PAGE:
The only thing that matters, is what your captures mean to you, surely? Judging yourself against others, doing shit to impress your mates or for the 'gram or for a sense of kudos will always be folly in the long run and the way to an unhappy, unfulfilled angling life... do what makes you happy, what makes you tick and gives you a buzz. It has to be the only way. That doesn't have to be Orient 50's though, it could be some crusty old twenties from a local club lake, or if you're Tom Maker, a carve up down at a day ticket. Each to their own, and more power to anyones elbow that stays true to that. In an age where likes and comparison is king and you see more forty and fifty pounders on your Instagram feed in the first ten minutes of the day than you'd see in print in an entire year back in the 90's, it can sometimes be hard not to feel like everyone is out there carving up while you aren't. No two ways about it, social media is a great tool for connecting to likeminded people and sharing good stuff, but it is also a killer for comparisons... For someone in the limelight perhaps more than anyone, we wanted to find out what Darrell's captures meant to him, how he treads that line, and how he feels about the idea of relevance and the kudos of big UK carp. Coming from someone who has caught many of the very best, and seen and done more than most it made for a fascinating, and incredibly honest read. So many gems of insights we could've pulled out a dozen more like this..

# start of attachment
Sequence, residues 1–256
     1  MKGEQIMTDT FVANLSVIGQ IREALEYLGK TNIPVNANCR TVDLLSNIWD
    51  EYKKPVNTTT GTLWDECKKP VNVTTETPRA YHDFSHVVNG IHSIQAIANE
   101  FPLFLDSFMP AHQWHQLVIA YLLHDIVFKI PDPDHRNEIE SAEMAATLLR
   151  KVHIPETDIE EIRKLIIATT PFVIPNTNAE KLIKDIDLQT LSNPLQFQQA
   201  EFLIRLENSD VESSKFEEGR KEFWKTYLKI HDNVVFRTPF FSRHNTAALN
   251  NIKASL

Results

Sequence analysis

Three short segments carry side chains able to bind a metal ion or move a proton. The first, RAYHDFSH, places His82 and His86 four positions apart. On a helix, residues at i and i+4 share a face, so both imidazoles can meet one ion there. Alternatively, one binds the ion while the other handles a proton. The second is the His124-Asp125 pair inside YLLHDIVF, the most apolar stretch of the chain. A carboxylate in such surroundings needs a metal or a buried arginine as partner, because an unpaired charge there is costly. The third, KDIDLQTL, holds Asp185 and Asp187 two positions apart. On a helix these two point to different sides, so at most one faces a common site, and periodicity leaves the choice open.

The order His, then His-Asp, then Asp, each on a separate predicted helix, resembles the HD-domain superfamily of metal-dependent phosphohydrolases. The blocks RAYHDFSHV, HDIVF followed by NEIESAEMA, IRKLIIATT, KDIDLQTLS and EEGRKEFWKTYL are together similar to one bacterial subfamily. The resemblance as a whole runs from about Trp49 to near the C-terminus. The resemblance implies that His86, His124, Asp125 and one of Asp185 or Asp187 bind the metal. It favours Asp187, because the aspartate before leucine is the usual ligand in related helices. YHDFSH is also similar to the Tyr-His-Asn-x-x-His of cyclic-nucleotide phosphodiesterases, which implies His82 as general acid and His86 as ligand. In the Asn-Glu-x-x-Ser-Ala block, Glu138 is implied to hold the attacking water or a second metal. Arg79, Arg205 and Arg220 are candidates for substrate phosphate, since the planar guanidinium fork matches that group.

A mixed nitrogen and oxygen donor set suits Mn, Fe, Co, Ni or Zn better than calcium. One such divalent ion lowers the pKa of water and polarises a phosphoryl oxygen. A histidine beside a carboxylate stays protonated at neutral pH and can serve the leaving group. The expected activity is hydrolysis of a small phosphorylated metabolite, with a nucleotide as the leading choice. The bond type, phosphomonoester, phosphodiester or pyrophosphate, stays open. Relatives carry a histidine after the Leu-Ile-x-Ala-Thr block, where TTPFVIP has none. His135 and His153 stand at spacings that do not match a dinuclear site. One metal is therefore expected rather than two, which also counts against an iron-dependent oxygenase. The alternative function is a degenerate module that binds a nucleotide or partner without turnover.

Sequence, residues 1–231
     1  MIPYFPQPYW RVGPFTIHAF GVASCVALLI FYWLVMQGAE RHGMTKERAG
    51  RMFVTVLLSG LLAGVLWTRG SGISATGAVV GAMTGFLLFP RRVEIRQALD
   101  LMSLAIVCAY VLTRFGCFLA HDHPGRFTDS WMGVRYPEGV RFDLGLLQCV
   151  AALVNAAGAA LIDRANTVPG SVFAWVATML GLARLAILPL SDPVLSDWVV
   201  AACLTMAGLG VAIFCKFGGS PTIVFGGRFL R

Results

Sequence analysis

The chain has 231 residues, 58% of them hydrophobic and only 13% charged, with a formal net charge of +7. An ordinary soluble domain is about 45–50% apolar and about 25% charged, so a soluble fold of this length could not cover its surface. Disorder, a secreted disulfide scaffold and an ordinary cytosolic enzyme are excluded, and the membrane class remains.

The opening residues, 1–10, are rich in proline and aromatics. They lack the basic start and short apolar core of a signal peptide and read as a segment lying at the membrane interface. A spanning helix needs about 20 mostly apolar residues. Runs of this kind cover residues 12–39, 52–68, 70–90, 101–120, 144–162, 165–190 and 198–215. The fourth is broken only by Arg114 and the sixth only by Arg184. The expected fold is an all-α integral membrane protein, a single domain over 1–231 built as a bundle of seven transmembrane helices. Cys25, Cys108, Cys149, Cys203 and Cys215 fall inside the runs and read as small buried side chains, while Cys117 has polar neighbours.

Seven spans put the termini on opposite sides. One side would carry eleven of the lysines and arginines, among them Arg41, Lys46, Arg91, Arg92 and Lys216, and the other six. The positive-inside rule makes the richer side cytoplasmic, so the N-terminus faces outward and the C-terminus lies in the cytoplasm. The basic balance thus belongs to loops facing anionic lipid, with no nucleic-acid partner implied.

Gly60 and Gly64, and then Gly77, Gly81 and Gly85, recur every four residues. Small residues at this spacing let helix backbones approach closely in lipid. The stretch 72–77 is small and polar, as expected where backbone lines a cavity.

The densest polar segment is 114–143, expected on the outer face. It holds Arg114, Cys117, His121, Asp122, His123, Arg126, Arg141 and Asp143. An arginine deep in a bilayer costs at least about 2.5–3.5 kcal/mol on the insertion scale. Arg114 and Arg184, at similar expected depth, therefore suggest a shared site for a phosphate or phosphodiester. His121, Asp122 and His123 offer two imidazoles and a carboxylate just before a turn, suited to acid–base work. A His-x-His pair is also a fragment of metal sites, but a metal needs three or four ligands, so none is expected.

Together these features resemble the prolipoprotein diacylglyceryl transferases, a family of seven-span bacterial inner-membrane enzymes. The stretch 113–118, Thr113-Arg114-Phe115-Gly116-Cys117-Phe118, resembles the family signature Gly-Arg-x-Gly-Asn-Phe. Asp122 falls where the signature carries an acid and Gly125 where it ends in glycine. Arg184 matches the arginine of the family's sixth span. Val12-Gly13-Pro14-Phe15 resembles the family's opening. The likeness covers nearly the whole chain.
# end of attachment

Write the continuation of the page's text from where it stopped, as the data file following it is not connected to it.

'No Surrender'

'I’ve fished Yateley, Conningbrook … those very hard lakes, where three or four bites a season is considered extremely good going. On a really good night on the Orient, I have had nights when I’ve caught three or four in a single night. So you could say that on a lake where you might only catch five in a season, each bite ‘means’ more, but on the flip side, what is actually harder to achieve when it comes to catching the big ones?